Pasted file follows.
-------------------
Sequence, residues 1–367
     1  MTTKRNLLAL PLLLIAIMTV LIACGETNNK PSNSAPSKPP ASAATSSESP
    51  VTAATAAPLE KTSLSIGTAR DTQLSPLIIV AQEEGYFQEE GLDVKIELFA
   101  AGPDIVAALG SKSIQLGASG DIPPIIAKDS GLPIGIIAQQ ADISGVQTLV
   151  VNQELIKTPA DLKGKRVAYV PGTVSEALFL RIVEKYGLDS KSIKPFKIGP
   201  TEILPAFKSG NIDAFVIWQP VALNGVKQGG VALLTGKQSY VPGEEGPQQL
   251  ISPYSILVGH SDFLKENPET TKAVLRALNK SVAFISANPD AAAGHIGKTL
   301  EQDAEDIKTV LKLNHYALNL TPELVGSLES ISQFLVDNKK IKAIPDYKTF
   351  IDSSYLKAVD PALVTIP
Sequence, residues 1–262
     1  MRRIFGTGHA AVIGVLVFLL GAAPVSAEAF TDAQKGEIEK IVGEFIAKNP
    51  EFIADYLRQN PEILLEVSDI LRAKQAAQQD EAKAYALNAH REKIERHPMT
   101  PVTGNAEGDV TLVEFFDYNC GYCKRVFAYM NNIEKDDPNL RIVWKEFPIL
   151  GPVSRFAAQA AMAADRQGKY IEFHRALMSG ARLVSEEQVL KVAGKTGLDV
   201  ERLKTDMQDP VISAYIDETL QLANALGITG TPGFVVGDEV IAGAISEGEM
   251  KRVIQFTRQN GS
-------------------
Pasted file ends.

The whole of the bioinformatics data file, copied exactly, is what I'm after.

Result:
Sequence, residues 1–367
     1  MTTKRNLLAL PLLLIAIMTV LIACGETNNK PSNSAPSKPP ASAATSSESP
    51  VTAATAAPLE KTSLSIGTAR DTQLSPLIIV AQEEGYFQEE GLDVKIELFA
   101  AGPDIVAALG SKSIQLGASG DIPPIIAKDS GLPIGIIAQQ ADISGVQTLV
   151  VNQELIKTPA DLKGKRVAYV PGTVSEALFL RIVEKYGLDS KSIKPFKIGP
   201  TEILPAFKSG NIDAFVIWQP VALNGVKQGG VALLTGKQSY VPGEEGPQQL
   251  ISPYSILVGH SDFLKENPET TKAVLRALNK SVAFISANPD AAAGHIGKTL
   301  EQDAEDIKTV LKLNHYALNL TPELVGSLES ISQFLVDNKK IKAIPDYKTF
   351  IDSSYLKAVD PALVTIP
Sequence, residues 1–262
     1  MRRIFGTGHA AVIGVLVFLL GAAPVSAEAF TDAQKGEIEK IVGEFIAKNP
    51  EFIADYLRQN PEILLEVSDI LRAKQAAQQD EAKAYALNAH REKIERHPMT
   101  PVTGNAEGDV TLVEFFDYNC GYCKRVFAYM NNIEKDDPNL RIVWKEFPIL
   151  GPVSRFAAQA AMAADRQGKY IEFHRALMSG ARLVSEEQVL KVAGKTGLDV
   201  ERLKTDMQDP VISAYIDETL QLANALGITG TPGFVVGDEV IAGAISEGEM
   251  KRVIQFTRQN GS